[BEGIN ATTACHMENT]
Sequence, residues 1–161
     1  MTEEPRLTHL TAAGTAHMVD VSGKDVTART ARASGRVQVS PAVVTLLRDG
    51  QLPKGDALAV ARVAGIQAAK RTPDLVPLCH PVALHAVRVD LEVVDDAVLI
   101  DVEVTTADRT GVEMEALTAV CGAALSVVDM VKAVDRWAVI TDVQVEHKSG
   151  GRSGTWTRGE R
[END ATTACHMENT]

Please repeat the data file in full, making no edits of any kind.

Sequence, residues 1–161
     1  MTEEPRLTHL TAAGTAHMVD VSGKDVTART ARASGRVQVS PAVVTLLRDG
    51  QLPKGDALAV ARVAGIQAAK RTPDLVPLCH PVALHAVRVD LEVVDDAVLI
   101  DVEVTTADRT GVEMEALTAV CGAALSVVDM VKAVDRWAVI TDVQVEHKSG
   151  GRSGTWTRGE R